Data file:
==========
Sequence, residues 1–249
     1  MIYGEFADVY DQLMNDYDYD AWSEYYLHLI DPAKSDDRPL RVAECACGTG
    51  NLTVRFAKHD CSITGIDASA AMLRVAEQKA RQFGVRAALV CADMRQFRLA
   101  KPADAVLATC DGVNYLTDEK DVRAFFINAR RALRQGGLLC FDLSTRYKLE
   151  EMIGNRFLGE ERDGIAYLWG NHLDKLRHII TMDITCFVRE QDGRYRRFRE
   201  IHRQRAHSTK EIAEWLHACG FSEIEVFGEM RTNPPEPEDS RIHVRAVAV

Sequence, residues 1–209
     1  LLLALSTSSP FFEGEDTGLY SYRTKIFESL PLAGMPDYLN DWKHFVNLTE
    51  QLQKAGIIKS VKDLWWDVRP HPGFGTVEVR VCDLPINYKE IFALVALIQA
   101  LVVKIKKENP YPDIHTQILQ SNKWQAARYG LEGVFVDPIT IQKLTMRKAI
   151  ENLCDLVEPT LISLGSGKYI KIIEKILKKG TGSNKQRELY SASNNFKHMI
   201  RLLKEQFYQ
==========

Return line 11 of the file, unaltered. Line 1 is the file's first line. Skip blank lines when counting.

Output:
   151  ENLCDLVEPT LISLGSGKYI KIIEKILKKG TGSNKQRELY SASNNFKHMI